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1.1.1. Main Forms of Doing Business

German law recognizes the following types of legal entities:

  • Limited Liability Company (GmbH)
  • Joint Stock Corporation (AG)
  • Partnerships
  • Branch

Limited Liability Company (GmbH)

Limited liability companies are the most commonly used and flexible business forms in Germany.

Key aspects of a Limited Liability Company include:

  • May be formed by a single shareholder with no maximum limits;
  • Shareholders may be natural persons or legal entities;
  • 100% foreign ownership is allowed;
  • Shareholder liability is limited to their contribution for shares in the company;
  • Minimum share capital is EUR 25,000;
  • Capital contributions may be in cash or in-kind;
  • At least 25% of cash contributions and the entire non-cash contribution must be paid upon formation, and the total thereof cannot be lower than EUR 12,500;
  • Shares may be transferred with certain notarized documents but may not be listed on an exchange;
  • The company must have at least 1 managing director;
  • An address in Germany must be maintained; and
  • The company must be registered on the Commercial Register.

Germany allows for the formation of so-called mini-limited liability companies (mini GmbH) for smaller entrepreneurs. The minimum required capital of a mini GmbH is only EUR 1, but non-cash contributions are not allowed and 25% of profits must be added to reserves until capital reaches at least EUR 25,000.  

Joint Stock Corporation (AG)

A joint-stock corporation is typically used in Germany when there are a large number of shareholders. The shares of the corporation my listed on a stock exchange.

Key aspects of a Joint Stock Corporation include:

  • May be formed by a single shareholder with no maximum limits;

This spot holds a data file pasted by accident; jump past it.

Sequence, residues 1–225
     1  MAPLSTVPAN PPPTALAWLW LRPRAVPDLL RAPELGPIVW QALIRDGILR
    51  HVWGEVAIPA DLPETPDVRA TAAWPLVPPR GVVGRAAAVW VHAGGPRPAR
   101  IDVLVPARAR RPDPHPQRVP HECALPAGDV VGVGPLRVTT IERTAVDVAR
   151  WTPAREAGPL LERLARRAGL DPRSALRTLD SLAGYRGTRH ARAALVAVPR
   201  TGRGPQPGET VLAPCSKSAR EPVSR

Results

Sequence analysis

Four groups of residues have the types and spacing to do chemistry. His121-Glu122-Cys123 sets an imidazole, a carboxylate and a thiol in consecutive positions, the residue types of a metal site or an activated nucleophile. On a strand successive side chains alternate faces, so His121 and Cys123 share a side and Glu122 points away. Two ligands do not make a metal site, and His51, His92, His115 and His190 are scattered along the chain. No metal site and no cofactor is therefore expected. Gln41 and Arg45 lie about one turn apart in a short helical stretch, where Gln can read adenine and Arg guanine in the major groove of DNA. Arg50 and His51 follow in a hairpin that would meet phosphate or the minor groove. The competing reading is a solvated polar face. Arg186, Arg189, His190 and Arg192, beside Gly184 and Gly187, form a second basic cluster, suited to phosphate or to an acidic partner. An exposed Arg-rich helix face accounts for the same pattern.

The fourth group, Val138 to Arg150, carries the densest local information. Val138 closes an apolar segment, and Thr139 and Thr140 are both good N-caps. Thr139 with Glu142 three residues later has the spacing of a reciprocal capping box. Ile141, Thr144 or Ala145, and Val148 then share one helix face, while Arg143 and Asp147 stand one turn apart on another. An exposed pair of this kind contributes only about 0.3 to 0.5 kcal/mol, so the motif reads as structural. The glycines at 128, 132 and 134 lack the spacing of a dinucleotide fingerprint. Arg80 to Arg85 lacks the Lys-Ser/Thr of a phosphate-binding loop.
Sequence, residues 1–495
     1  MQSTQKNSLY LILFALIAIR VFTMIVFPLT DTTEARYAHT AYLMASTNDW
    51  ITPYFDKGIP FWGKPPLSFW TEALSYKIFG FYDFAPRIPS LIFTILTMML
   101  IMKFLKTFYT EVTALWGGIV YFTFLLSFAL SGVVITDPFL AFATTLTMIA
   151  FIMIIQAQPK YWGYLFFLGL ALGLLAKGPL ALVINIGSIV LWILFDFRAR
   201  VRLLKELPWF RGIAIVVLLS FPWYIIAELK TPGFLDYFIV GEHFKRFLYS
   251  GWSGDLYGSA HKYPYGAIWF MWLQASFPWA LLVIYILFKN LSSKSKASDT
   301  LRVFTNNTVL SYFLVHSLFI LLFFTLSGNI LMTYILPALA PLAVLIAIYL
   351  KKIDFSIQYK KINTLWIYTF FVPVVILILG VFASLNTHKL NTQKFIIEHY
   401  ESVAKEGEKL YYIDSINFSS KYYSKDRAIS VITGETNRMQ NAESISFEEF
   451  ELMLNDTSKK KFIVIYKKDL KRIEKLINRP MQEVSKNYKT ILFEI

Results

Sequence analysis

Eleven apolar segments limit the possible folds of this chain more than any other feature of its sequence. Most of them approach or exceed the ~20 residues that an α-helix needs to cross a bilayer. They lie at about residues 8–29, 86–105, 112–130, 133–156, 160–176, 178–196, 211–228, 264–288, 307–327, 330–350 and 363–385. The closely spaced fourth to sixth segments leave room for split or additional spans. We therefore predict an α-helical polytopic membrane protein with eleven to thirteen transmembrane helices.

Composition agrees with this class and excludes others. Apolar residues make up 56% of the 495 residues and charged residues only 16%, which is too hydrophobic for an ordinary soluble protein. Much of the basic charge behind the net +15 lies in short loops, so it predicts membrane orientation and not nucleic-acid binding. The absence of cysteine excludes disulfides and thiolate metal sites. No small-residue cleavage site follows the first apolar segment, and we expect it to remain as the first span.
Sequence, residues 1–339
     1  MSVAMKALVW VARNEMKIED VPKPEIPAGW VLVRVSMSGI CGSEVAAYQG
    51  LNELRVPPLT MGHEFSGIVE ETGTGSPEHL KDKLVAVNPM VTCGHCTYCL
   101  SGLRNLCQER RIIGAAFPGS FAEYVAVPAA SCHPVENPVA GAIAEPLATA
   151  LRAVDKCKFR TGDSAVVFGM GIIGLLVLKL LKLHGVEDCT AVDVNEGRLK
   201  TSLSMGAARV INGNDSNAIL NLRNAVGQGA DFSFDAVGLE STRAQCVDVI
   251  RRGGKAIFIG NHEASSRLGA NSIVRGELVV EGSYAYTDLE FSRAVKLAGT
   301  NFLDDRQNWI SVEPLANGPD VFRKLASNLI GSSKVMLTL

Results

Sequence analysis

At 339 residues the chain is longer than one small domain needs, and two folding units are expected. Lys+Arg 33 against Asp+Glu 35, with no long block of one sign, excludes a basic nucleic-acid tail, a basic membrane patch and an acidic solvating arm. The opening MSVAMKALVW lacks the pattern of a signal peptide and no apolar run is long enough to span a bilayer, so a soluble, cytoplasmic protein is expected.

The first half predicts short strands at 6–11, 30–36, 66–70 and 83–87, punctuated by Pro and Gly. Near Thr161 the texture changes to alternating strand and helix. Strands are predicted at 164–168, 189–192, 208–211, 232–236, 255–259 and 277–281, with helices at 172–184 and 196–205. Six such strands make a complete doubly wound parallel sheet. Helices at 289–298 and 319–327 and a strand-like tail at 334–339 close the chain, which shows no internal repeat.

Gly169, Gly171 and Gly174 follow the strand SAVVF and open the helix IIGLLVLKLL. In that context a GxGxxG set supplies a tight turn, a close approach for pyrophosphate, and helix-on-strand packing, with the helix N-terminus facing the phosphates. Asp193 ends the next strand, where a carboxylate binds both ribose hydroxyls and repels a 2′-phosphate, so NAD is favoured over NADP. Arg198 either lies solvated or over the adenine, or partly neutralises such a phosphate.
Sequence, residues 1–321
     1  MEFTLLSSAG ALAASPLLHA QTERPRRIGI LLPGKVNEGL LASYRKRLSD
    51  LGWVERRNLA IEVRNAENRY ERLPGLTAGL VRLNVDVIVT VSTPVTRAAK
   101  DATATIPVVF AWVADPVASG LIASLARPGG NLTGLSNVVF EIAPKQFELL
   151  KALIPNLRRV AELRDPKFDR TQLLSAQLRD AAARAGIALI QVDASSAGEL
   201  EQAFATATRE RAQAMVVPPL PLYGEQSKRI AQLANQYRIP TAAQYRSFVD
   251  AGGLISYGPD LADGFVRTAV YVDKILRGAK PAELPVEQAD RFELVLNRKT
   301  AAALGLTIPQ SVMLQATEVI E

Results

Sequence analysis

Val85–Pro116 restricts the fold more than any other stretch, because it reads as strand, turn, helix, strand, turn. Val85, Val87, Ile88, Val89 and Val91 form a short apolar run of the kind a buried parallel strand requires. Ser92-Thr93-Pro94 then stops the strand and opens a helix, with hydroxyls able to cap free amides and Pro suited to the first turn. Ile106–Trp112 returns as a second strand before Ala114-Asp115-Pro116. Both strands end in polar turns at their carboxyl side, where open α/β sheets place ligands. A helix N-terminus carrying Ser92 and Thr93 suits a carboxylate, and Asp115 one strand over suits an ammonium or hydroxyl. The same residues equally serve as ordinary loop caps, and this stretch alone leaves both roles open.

• Shareholders may be natural persons or legal entities;
  • 100% foreign ownership is allowed;
  • Shareholder liability is limited to their contribution for shares in the company;
  • Minimum share capital subscribed by founders is EUR 50,000;
  • Shares may be listed and quoted on a stock exchange;
  • The corporation must have at least 1 managing director and a supervisory board that must have at least 3 members; and
  • The corporation must abide by the legal framework as provided in the German Stock Corporation Act, and the articles of association may only deviate from the provisions of the legal framework where this is expressly permitted.

Partnerships

Partnerships may be formed in Germany as general partnerships and limited partnerships.

Key aspects of a General Partnership include:

  • Formed by a partnership agreement with a minimum of 2 partners;
  • All partners are fully liable for the obligations of the partnership, including newly joining partners;
  • All partners are able to engage in the management of the partnership;
  • Partners who exit the partnership remain liable for existing obligations of the partnership for 5 years; and
  • The partnership must be registered on the Commercial Register.

Key aspects of a Limited Partnership include:

  • Formed by a partnership agreement with at least 1 general partner and 1 limited partner;
  • Only general partners are able to engage in the management of the partnership;
  • General partners are fully liable for the obligations of the partnership, while limited partners' liability is limited to their contribution to the partnership;
  • There are no minimum capital requirements; and
  • Limited partnerships need not be registered on the Commercial Register.

Effective 1 July 2021, trading partnerships and professional partnerships can opt to be taxed as a corporation. The option allows partnerships (opting companies) to benefit from the same tax regime as corporations, with the partners treated as limited-liability shareholders, eliminating any differences in taxation.

Branch

Germany allows foreign companies to establish a branch in its own name in order to conduct business in the country. A branch with sufficient autonomy must be registered on the Commercial Register but is not considered a separate legal entity. The parent company is fully liable to the extent of its own assets for the obligations of the branch.